Over the previous five instalments of this ongoing series, I have gradually introduced you to the characters and creators of the “Galaxy’s Greatest Comic,” what first motivated me to begin a series on 2000AD was initially the fact that, apart from Judge Dredd, the majority of classic characters from this mighty tome are rather unknown to the world outside of the British isles. Fantastic creations such as Nemesis the Warlock, Rogue Trooper, Zenith and Strontium Dog have rich backstories, superstar creators and close to 40 years of history, yet still remain in relative obscurity. Having grown up alongside these characters, I decided to utilise my blog to promote, as best as I could, these groundbreaking comic characters and hopefully draw more appreciation and proclivity towards characters I believe are deserving of a far larger audience than they currently receive.
Released in the UK on December 7, “Future Shock! The Story Of 2000AD” is an 106 minute documentary that charts the rise of Britain’s favourite comic-book, offering up a dynamic and comprehensive overview of the comic that includes a look at the various highs and lows of the comics history, and extensive coverage of the creative process behind the scenes of the long running megazine. Documenting how a band of Britain’s most talented and eclectic comic talent came together to create the visionary publication, and guest starring a swathe of said talent including; Neil Gaiman, Pat Mills, John Wagner, Grant Morrison and Dave Gibbons, plus recent “Dredd” actor Karl Urban is also on hand to profess his adoration for 2000AD‘s world famous grim protector of the law.
Future Shock! is directed by Paul Goodwin, who has, as previously mentioned, assembled an iconic group of talent for interviews and nostalgic musings on their past glories. Especially entertaining, as always, is the fantastic Pat Mills, who rages and rants humorously on the ups and downs of the comic’s (at times) tempestuous past, Mills alone is worth the asking price, one of the greatest talents in the UK industry, he never pulls his punches and always tells things as they are, his part in this documentary is legendary!.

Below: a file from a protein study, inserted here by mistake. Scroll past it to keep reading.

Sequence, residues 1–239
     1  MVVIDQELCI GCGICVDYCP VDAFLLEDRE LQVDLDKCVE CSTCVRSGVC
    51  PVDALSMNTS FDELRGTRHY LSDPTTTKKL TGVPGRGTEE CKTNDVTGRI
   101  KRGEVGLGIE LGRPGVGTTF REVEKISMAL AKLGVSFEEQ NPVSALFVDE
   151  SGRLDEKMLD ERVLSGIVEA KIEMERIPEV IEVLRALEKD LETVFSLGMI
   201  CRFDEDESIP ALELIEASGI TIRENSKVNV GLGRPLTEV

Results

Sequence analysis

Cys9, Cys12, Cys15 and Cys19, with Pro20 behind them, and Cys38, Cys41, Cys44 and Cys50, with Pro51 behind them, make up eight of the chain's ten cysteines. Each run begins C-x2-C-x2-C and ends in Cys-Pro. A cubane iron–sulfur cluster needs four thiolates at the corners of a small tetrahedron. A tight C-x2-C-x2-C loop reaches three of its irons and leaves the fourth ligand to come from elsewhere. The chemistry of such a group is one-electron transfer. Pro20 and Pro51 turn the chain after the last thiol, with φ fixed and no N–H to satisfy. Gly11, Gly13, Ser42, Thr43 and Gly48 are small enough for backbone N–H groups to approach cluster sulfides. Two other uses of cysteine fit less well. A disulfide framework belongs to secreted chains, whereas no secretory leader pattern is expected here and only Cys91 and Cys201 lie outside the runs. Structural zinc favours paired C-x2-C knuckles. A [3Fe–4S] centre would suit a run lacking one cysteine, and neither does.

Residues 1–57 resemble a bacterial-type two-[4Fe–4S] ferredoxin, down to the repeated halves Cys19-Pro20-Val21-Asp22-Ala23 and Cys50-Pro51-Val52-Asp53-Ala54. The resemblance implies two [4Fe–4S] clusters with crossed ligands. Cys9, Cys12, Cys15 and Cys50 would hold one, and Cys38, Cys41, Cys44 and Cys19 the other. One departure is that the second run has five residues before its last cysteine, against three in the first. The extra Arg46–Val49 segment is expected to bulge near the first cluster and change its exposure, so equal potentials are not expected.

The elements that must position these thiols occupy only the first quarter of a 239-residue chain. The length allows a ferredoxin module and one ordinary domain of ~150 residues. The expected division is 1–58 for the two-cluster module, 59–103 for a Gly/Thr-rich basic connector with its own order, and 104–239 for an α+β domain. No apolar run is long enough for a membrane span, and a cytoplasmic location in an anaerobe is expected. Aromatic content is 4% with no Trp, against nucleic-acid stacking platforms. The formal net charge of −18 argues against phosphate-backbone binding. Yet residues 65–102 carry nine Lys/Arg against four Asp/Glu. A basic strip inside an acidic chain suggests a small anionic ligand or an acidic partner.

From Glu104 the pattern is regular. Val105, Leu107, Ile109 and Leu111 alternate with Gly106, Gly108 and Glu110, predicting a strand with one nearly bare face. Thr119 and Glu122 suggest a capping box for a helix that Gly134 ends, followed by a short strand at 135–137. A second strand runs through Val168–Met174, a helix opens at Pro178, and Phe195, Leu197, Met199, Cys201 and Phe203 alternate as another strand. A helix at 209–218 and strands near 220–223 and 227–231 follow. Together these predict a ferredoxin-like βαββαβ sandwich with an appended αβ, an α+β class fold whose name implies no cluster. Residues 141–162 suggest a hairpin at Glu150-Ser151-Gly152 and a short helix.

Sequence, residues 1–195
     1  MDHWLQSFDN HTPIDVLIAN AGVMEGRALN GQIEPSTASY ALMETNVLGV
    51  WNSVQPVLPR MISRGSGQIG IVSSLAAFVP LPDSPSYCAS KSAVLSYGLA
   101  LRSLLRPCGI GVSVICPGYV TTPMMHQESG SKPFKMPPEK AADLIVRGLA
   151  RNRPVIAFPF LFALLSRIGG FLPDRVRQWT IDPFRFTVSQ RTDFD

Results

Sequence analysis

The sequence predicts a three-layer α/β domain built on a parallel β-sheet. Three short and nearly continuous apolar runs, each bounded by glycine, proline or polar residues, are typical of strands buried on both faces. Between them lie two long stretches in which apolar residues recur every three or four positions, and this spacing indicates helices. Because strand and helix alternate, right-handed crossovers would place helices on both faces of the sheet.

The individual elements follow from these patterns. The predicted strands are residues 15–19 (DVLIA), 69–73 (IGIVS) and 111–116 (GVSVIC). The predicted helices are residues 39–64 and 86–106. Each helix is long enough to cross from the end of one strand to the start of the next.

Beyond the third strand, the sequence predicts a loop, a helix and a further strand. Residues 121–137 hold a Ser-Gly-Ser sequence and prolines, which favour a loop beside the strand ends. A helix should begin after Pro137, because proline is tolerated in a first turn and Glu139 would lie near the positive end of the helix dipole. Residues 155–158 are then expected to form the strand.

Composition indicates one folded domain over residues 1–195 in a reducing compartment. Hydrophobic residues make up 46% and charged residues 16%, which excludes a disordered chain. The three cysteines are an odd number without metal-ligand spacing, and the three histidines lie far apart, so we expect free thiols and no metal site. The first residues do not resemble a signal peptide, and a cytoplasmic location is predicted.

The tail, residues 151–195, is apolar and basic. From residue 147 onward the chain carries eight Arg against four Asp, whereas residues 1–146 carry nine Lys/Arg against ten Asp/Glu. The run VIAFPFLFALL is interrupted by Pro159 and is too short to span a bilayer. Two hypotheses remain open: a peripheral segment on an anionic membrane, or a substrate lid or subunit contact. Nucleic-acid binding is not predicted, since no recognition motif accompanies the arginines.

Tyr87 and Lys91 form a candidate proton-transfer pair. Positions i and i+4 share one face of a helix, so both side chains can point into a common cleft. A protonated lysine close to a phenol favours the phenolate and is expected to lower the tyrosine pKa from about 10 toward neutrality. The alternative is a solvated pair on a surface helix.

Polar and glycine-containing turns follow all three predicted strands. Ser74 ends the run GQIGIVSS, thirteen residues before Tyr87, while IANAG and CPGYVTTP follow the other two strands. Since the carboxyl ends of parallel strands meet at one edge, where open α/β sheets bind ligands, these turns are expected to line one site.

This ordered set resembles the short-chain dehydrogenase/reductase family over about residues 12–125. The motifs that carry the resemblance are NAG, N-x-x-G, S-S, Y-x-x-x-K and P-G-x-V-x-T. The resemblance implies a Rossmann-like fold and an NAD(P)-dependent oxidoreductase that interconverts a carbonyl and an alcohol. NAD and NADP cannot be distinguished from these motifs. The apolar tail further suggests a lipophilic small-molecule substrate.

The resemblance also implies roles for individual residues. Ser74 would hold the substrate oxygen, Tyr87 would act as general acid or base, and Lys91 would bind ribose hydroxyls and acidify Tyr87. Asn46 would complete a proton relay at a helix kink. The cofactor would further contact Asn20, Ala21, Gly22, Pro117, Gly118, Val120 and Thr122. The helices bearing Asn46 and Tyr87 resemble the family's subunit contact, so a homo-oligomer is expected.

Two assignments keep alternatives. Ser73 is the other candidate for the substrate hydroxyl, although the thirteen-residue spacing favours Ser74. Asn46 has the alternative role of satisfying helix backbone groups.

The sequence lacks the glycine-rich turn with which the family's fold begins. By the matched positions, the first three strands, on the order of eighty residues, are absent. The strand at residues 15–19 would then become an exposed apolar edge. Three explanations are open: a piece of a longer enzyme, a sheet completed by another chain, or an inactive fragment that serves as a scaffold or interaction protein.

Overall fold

The documentary itself mostly consists of the aforementioned interviews alongside various illustrations, also included though are some impressive animations courtesy of Zebra Post, with the opening sequence being a particular stand-out piece. The docu mainly covers the 70’s and 80’s of 2000AD‘s long history, but does touch on the 90’s, especially on sister publication Judge Dredd: The Megazine.
At over 100 minutes long, this fantastic look at 2000AD is a must have for fans of the comic, but also offers up an intriguing study of British comics in a time when the UK was going through a considerable transition in politics, music and outlook, 2000AD embraced and used these changes to produce an intelligent and sometimes hilariously subversive comic that almost predominantly helped evolve not just the comic book scene in Britain, but ultimately the across the planet itself.
Precinct1313 Rating: Zarjaz!!
“Oh hi there, Judge Death here, the Duke of Demise, Emperor of Expiration and all round evil fiend. Just thought I’d stop by to wish my old foe Dredd congratulations on 25 years of his solo comic, before I head out to snuff the life of billions in my eternal quest to extinguish the living from all mortal planes. Best enjoy as many comics as you can humans, for soon I shall come for your corporeal souls… you have a great day now”